'. . . she’d been there when it happened, the burst of Chopin under a sky lit up with brilliancies. There wasn’t a breath of wind and the music spread all over the dark boat, like a heavenly injunction whose import was unknown, like an order from God whose meaning was inscrutable.
And the girl started up as if to go and kill herself in turn, throw herself in her turn into the sea, and afterwards she wept because she thought of the man from Cholon and suddenly she wasn't sure she hadn't loved him with a love she hadn't seen because it had lost itself in the affair like water in sand and she rediscovered it only now, through this moment of music flung across the sea.' --Marguerite Duras
Most people would have said I was too young, when I encountered The Lover, to read a book like this. I was twelve, thirteen maybe. The slim volume slept at the foot of my narrow bed with a pile of other books. I read it until the cover fell off. That was the year I had gone away to boarding school. About a year after, I watched the film. My interior was ravaged again by sharp hunger--so strong was my desire and fascination and revulsion that the awakening didn't happen once, but over and over. One bird taking off again and again within in me. When no one was around, I watched the film, speeding up to the shot of the slim leg propped on a ship railing, to the shadowed room of sex and street sounds.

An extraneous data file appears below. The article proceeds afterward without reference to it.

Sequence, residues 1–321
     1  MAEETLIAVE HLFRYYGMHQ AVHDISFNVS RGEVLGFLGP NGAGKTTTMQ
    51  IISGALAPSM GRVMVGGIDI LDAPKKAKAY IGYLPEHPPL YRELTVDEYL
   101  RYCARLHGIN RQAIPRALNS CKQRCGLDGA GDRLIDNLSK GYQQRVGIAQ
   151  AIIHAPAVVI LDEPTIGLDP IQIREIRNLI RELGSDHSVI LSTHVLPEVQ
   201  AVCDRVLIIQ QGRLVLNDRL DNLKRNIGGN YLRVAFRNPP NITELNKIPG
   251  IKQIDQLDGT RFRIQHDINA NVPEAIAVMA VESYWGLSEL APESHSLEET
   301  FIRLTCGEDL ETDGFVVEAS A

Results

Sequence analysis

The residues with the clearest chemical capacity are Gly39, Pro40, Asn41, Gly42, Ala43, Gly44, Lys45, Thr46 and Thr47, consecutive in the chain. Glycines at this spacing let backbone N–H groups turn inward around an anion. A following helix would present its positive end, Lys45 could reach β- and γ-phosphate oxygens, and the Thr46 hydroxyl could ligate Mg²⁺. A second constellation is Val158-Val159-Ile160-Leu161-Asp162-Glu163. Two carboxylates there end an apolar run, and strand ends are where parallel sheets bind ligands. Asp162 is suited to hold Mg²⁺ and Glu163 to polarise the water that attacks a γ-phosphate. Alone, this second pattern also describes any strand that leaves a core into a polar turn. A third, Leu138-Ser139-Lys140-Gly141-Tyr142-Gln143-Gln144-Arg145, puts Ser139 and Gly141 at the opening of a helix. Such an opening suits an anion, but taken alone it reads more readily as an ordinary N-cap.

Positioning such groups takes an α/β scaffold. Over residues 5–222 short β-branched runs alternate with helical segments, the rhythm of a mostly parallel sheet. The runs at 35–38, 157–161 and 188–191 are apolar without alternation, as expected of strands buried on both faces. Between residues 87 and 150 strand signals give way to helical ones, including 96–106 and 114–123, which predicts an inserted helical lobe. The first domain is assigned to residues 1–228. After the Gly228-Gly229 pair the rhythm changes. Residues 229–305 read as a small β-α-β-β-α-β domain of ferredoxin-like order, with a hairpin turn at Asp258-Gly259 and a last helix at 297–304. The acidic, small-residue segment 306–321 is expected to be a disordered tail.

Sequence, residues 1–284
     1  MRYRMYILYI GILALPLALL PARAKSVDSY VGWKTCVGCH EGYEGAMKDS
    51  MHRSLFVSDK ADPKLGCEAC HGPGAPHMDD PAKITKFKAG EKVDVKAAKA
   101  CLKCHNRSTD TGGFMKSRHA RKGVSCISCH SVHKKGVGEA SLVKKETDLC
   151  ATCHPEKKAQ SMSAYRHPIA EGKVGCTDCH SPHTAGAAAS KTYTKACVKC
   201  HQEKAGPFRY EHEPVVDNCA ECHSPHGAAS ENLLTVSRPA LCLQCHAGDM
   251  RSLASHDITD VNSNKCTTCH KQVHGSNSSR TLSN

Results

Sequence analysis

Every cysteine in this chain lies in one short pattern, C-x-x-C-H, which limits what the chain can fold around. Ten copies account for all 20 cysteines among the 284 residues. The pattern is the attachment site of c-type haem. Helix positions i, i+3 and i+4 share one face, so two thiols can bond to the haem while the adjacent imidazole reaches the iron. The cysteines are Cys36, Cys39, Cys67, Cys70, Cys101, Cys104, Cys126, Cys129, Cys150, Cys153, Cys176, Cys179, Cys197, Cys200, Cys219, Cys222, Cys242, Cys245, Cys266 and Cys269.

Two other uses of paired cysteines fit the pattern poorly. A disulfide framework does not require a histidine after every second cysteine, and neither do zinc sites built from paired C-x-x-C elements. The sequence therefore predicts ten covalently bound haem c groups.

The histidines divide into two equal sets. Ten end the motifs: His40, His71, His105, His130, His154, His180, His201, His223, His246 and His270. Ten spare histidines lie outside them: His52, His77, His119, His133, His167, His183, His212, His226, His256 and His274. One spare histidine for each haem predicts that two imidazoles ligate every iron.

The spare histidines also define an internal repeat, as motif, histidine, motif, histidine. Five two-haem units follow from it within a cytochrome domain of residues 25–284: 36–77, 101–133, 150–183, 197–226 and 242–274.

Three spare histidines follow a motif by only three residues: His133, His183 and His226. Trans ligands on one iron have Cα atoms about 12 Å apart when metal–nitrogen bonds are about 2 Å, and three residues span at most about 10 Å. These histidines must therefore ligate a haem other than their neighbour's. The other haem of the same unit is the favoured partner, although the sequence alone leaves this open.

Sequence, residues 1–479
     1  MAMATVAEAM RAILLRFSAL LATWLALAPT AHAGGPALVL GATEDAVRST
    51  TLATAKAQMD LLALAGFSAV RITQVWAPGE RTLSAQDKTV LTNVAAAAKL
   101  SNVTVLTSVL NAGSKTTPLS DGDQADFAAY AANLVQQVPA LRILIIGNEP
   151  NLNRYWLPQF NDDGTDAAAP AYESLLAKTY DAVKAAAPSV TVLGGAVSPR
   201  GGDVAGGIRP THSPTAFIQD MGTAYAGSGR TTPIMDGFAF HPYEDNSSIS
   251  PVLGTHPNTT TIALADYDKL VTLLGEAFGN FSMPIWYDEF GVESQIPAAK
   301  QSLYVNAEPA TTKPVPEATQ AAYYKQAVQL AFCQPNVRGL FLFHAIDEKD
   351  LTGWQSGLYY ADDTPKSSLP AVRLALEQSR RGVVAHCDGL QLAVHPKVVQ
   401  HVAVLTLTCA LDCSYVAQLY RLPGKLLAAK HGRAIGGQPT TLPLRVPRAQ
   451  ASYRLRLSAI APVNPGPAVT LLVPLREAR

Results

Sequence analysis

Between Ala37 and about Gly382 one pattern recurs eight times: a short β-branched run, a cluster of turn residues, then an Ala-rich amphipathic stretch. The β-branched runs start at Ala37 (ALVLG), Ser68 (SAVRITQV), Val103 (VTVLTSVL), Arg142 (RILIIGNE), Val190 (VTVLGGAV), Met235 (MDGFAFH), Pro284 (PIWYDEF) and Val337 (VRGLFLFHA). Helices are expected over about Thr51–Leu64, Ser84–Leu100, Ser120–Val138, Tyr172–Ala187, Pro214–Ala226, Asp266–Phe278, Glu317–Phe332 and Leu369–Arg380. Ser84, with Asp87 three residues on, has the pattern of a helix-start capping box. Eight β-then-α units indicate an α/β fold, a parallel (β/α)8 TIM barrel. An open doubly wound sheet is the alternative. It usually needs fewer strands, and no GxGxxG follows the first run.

In college, I brought in the passage above, the one about Chopin. (You, the bird-who-flew-into-a-window, brought in--do you remember?--Bukowski, of all things.) Now, a lifetime and several countries past those days when my toes brushed the tattered pages as I slept, I have gone hunting the book down again. On a panel earlier this week, May-Lee mentioned L'Amant, and this afternoon I pulled my copy (a new one, with a cover still attached) down from the shelf, turned to this page, and underlined the lines again, which begin: 'Another time, on the same route, during the crossing of the same ocean, night had begun as before and in the lounge on the main deck there was a sudden burst of music, a Chopin waltz which she knew secretly, personally . . .'